Habits, Routines and Structure

This probably is a “Part One” post.  Just a small placeholder.

Some of my friends know that for a long time I have pondered the question of how to bring about genuine change. Firstly in ourselves and also in the organisations we are part of.  Even a few people I have only met once also have had conversation on this topic.

My latest interest in this area has been reading a book by Marshall Goldsmith. “Triggers: Sparking positive change and making it last” I think the chapter on structure has been quite significant to me.

Here is a short quote from Marshall’s blog:

One of the most dysfunctional beliefs of successful people is our contempt for simplicity and structure. We believe that we are above needing structure to help us on seemingly simple tasks.  

For example, as Dr. Atul Gawande reported in his book, The Checklist Manifesto, central line infections in intensive care units virtually disappear when doctors follow a simple five-point checklist involving rote procedures such as washing hands, cleaning the patient’s skin, and using a sterile dressing after inserting the line. 

For many years, despite the checklist’s proven success rate, doctors resisted it. After years of medical training, many doctors thought that the constant reminders, especially when delivered by subordinate nurses, were demeaning. The surgeons thought, “I shouldn’t need to use a checklist to remember simple instructions.”

This is a natural response that combines three competing impulses:

  1. Our contempt for simplicity (only complexity is worthy of our attention);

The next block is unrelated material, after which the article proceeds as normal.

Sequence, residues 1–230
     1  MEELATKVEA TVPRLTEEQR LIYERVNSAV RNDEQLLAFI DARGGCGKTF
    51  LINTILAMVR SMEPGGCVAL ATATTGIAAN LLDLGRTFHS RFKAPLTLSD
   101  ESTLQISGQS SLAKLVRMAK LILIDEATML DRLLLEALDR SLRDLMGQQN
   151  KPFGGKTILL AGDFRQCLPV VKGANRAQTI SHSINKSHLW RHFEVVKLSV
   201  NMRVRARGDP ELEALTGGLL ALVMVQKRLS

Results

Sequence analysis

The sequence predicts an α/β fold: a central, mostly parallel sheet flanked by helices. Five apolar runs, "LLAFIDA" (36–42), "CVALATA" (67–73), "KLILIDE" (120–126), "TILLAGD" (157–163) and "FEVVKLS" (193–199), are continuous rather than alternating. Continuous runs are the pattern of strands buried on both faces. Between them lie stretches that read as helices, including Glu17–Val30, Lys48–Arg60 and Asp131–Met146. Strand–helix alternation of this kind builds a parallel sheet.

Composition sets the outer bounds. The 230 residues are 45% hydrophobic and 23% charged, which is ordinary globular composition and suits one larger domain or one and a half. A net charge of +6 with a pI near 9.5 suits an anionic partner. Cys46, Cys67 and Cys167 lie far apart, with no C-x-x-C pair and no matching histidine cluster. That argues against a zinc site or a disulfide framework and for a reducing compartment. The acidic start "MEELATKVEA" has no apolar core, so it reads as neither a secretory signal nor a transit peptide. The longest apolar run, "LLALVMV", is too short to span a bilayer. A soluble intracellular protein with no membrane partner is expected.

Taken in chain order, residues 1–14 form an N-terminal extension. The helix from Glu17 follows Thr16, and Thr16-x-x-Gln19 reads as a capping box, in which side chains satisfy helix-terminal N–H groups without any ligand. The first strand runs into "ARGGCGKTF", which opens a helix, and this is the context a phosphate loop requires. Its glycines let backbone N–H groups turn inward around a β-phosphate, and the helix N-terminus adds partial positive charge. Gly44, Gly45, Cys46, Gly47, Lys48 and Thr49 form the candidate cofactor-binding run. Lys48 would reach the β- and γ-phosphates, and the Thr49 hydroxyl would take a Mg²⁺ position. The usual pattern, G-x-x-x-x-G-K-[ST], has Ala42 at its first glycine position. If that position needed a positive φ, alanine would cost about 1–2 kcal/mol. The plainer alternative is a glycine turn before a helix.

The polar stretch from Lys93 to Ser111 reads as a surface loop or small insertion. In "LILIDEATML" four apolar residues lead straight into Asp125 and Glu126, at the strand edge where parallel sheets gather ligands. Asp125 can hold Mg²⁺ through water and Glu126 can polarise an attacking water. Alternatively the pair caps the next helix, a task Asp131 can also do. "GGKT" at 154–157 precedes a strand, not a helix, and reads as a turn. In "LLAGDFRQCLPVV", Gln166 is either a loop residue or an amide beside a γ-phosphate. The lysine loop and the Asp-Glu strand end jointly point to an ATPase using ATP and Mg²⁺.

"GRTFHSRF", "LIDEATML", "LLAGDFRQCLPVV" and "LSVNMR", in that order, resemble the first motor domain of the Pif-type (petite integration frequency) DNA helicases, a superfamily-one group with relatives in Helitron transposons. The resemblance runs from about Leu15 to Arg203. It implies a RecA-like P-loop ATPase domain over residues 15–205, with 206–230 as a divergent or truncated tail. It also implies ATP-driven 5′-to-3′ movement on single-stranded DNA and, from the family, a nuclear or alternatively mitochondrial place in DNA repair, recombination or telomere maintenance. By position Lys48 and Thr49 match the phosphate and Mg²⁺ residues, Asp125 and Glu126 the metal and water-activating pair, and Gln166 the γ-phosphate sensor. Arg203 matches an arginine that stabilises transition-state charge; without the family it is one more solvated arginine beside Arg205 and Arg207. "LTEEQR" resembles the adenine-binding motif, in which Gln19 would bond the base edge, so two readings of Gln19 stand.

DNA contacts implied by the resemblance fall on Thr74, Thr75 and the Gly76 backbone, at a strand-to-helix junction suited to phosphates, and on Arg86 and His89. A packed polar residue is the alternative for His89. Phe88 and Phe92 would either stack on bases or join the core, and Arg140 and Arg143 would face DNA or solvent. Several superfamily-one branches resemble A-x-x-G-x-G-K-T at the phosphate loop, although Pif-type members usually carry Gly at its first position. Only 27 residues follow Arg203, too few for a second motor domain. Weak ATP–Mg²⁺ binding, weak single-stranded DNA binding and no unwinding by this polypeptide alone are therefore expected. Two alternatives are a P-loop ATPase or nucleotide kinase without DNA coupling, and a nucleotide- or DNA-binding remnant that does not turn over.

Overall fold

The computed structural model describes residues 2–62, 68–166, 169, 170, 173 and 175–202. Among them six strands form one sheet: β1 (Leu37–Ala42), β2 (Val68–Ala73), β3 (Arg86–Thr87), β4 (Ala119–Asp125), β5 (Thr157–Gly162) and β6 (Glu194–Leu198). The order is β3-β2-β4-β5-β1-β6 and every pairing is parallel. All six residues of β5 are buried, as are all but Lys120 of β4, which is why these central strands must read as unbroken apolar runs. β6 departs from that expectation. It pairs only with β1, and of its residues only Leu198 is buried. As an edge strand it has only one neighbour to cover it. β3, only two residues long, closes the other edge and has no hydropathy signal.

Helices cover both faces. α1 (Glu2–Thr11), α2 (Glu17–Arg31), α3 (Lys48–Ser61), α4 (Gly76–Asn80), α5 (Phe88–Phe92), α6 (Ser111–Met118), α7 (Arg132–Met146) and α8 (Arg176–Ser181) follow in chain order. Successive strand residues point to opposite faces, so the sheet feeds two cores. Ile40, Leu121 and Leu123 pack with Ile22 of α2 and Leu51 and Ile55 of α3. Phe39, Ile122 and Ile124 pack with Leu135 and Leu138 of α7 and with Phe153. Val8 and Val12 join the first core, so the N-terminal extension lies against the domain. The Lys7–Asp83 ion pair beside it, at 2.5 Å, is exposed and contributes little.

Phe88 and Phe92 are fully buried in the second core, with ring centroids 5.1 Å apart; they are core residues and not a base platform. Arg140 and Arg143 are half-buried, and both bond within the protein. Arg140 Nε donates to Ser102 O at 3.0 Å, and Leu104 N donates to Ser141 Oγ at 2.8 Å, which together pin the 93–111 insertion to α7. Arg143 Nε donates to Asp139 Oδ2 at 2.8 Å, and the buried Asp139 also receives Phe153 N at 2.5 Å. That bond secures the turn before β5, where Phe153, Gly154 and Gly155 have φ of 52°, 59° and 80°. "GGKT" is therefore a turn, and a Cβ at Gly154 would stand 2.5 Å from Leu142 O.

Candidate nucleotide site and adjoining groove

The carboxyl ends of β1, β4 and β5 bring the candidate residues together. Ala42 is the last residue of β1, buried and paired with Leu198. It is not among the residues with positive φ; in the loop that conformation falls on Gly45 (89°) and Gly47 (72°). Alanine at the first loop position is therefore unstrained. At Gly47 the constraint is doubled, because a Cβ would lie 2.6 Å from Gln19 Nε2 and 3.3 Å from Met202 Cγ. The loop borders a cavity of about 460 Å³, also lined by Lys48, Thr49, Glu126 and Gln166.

2. Our contempt for instruction and follow-up; and
  3. Our faith, however unfounded, that we can succeed by ourselves.

In combination these three trigger an unappealing exceptionalism in us. When we presume that we are better than people who need structure and guidance, we lack one of the most crucial ingredients for change: humility.  
From: http://www.marshallgoldsmithfeedforward.com/marshallgoldsmithblog/

I see the power of checklists in my Father in Law’s life, at 94 he is still organised and functional.

I note how smooth my departures for out of town trips go when I follow my list. (Flashlight, cell charger, sunglasses, emergency kit, zip loc bags, water, spare batteries, SD cards are all on the list; and I have forgotten them all at least once).

I think of a few friends I have lost contact with because we didn’t follow the routine “Lets meet for coffee once a term (or once a year)”.  And the annual Christmas card mailout habit that lapsed as well.

Notes: Atul Gawande  also has written the remarkable book “Being Mortal”

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